People’s Easter pilgrimages to warmer places might mean that they will come home with malaria, health authorities have warned.

Although homesteads in high-risk areas in Limpopo and Mpumalanga have been sprayed with pesticides recently, Erick Mabunda, Deputy Director of Limpopo’s Malaria Institute, warned that malaria cases often peaked after the Easter break.

“For the past two seasons, we had peaks after Easter holidays. In 2017, we had outbreaks two weeks after these holidays when people came back from their respective countries, so even this year we have to be careful,” said Mabunda.

Masilo Motloutsi nearly died from malaria. Pic: Mogale Mojela

Masilo Motloutsi, from Khujwana Village outside Tzaneen, and two friends contacted the disease when they were working as contract labourers at Musina on the border with Zimbabwe in August last year. One of his friends succumbed to the disease.

“People should always go and test whenever they feel sick because you will never know what hit you until it’s late, as some symptoms are normal to us like headache and feeling weak,” said 23-year-old Motloutsi.

“I consider myself very fortunate and lucky as I was not aware what is happening to me. I didn’t know any symptoms of malaria. I first had a headache and my body got weak and I notified my mother and she took me to the clinic,” he said.

Almost died

Meanwhile, Mercy Nemavhola from Tshipako village near Thohoyandou, contracted malaria three years ago and almost died and now lives in fear of getting it again.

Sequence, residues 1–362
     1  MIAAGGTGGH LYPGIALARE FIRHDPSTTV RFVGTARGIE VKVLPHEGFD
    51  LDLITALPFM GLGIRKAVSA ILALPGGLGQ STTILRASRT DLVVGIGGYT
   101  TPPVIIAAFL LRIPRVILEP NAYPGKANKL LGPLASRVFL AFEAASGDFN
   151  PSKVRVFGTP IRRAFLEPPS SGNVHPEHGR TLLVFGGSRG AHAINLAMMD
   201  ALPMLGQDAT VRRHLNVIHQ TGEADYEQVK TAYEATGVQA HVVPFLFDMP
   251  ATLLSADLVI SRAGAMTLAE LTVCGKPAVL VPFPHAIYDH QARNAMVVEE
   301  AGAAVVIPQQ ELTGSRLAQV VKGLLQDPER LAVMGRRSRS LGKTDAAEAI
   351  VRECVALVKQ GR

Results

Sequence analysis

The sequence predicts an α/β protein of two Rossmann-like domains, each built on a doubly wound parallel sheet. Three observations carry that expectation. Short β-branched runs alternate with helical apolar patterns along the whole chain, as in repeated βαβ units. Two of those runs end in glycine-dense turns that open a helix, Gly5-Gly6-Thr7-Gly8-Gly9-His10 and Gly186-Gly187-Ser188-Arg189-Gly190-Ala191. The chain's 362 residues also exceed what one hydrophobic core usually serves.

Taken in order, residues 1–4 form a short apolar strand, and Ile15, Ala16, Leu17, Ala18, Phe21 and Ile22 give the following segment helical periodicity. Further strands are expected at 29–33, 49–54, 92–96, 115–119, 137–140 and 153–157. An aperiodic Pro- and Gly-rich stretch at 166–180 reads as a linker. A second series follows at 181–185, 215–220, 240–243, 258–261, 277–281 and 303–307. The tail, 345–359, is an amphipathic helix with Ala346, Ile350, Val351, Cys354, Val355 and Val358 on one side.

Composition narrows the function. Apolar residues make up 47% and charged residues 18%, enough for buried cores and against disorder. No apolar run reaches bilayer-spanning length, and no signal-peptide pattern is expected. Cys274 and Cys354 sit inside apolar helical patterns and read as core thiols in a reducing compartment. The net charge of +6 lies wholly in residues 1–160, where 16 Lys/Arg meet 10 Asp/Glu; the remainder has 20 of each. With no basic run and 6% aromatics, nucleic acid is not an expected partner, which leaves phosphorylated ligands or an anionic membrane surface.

“I fought off death. By the time they found out that I had malaria, I was very sick and I couldn’t even eat on my own and it was already at an advanced stage. I thought I was going to die,” said Nemavhola.

She spent three weeks at Vhufuli hospital in 2016, while three of her siblings spent two weeks at the same hospital last year with malaria.

The entire Vhembe district is a malaria risk district, according to the National Institute for Communicable Diseases (NICD), and with climate change and increasing temperatures, more and more areas throughout are becoming at risk of malaria.

Mathematical modelling by the World Health Organisation (WHO) shows that small increases in temperature are likely to have a significant effect on malaria transmission potential.

“Globally, temperature increases of 2 to 3ºC would increase the number of people who, in climatic terms, are at risk of malaria by around 3 to 5%, or several hundred million people,” according to the WHO, which warns that the seasonal duration of malaria will increase in many currently endemic areas.

Mercy Nemavhola lives in fear of malaria.Pic: Ndivhuwo Mukwevho.